Monday, February 13, 2012

The United States Postal Service Wants You Back

This post is one part Public Service Announcement and one part rant. Today's theme from your host at And Now a Word From Our Sponsors is this: Paper is not an infallible answer to the Information Age problem of identity theft. 

There, I've said it. It had to be said because someone out there is spreading some false information. And that someone is the United States Postal Service.  In an attempt to get Americans to come back to the glory days of paper stamps and physical letters, USPS's latest commercial invokes some pretty bizarre claims. You can view the commercial here: (sorry, this is the only version I could find and it won't allow me to embed the video into my post!)

Although literally true, this ad is dangerously inaccurate.  The voice over is playing with the idea that paper is safe, and computers are not.  It's just not that simple.  The ad is also trying to convince businesses that paper is better for business, and safer for customers.  It's as if USPS has forgotten that the security risks of hard copy are part of what got us to this point in the first place. Do they want us to believe that crime never happened back when we wrote everything down on paper?  If that were the case, why do we bother with all this highfalutin' technology in the first place? Frankly, it seems like USPS thinks the bad guys have become so sophisticated that they've forgotten how to steal paper checks, bank statements, credit applications, and vital information (like Social Security numbers, birthdays, and pin numbers) right from that safe piece of paper tucked into your mailbox by your friendly neighborhood post carrier. I can assure you that they haven't. But you don't have to rely on my word for it- just turn to any of the millions who suffer the pains of identity theft day in and day out. It's enough to keep you awake at night.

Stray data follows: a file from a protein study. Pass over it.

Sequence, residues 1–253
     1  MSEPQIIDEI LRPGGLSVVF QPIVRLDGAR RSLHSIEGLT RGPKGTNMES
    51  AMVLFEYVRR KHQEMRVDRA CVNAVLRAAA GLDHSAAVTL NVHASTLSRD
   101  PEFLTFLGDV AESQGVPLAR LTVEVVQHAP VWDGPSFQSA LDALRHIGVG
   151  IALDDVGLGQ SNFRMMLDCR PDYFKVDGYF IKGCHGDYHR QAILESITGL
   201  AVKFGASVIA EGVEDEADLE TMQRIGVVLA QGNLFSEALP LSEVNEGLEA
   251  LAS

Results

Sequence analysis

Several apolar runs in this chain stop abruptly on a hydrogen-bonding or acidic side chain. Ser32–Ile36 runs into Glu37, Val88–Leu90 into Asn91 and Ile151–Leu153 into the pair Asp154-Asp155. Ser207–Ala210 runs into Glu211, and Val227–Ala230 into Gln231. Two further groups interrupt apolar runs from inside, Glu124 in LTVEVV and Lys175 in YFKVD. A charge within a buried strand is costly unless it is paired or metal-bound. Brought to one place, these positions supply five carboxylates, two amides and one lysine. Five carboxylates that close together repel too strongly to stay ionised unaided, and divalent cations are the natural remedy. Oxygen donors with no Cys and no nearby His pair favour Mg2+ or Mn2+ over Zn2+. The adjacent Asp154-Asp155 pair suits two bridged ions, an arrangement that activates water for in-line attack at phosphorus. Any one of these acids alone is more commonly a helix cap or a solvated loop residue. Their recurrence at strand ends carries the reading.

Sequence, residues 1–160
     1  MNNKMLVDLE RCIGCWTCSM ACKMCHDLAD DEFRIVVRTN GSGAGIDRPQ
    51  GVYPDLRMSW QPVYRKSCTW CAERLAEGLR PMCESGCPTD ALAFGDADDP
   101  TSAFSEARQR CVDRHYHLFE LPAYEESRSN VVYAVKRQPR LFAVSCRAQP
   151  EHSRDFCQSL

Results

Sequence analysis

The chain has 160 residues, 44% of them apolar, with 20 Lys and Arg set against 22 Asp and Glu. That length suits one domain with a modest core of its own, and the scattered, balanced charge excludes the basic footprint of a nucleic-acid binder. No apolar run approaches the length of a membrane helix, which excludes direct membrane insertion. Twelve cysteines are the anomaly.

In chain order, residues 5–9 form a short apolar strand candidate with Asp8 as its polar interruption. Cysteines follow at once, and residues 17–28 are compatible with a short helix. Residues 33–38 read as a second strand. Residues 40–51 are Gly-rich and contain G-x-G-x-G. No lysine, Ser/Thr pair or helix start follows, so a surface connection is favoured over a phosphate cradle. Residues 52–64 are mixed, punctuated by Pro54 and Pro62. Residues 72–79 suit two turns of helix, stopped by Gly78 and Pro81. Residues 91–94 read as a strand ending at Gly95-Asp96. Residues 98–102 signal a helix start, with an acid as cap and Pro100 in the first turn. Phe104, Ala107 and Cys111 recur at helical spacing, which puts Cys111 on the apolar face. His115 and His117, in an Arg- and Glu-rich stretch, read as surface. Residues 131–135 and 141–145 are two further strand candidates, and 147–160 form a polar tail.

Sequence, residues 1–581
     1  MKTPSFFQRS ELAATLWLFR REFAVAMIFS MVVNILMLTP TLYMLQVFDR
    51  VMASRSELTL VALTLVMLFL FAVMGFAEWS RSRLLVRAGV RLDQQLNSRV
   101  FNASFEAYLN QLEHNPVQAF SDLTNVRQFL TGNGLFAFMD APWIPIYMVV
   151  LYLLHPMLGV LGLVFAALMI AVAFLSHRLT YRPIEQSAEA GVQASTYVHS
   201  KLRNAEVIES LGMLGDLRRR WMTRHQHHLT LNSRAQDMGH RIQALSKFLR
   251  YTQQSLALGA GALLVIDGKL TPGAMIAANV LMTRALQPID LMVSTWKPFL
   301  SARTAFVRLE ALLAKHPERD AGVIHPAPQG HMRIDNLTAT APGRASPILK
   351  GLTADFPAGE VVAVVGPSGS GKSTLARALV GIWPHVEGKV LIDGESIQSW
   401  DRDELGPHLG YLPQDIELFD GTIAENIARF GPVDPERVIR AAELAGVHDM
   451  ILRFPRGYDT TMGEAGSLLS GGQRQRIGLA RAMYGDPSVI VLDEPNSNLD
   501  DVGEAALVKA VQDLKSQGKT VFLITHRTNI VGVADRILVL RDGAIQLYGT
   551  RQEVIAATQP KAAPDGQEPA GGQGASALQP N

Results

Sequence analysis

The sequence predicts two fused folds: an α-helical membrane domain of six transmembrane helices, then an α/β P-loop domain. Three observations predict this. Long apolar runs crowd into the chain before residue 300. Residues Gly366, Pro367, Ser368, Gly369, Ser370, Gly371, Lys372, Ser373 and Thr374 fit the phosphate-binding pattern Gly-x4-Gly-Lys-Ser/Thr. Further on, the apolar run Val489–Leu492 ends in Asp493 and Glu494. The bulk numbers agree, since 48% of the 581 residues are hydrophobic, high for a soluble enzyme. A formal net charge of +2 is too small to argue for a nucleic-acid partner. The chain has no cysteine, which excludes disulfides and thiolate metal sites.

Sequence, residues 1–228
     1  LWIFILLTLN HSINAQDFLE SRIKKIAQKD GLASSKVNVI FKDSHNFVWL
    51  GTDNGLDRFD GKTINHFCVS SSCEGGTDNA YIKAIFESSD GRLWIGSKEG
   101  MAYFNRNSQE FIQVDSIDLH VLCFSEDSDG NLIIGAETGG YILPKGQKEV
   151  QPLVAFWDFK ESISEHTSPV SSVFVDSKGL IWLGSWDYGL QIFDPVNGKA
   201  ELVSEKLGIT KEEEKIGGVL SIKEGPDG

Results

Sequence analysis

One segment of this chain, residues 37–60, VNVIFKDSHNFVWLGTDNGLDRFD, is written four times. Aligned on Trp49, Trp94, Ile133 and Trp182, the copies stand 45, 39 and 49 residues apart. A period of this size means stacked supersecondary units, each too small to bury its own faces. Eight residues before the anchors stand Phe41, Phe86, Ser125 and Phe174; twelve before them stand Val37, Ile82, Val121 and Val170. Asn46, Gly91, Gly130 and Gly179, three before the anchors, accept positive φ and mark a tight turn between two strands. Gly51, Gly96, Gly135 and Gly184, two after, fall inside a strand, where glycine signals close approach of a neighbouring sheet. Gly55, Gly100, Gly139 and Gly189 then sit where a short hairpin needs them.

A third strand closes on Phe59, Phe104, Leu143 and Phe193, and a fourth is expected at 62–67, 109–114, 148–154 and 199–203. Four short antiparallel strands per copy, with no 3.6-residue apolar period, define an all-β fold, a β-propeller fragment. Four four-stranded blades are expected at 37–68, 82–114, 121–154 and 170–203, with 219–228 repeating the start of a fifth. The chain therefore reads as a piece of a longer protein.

Don't get me wrong--I like mail.  I probably use the postal service more than your average person.  I mail a paper check to my landlord to pay rent each month.  Tucking that check into the little envelope reminds me of bringing my milk money to school back in kindergarten. I also send Christmas cards every year.  I love the charming tradition of hand writing a little note to each of my friends and family to wish them well in the New Year. I love getting cards in return. It's exciting checking the mailbox in December. We always display the cards we receive no the back of our front door. I try to mail post cards whenever I travel and I have a couple friends and family members who send some our way, too. As I've mentioned before, I have family abroad ('ello England!) and my husband and I are constantly sending and receiving packages back and forth with them.

But then again, as much as I am a steady patron of the mail, the mail isn't always good to me in return.  For instance, our Christmas parcel from England this year apparently made it across the Atlantic (well done, Royal Mail), only to be held up, lost, and ultimately returned back to sender a couple days ago.  We're in February.  Thanks, USPS.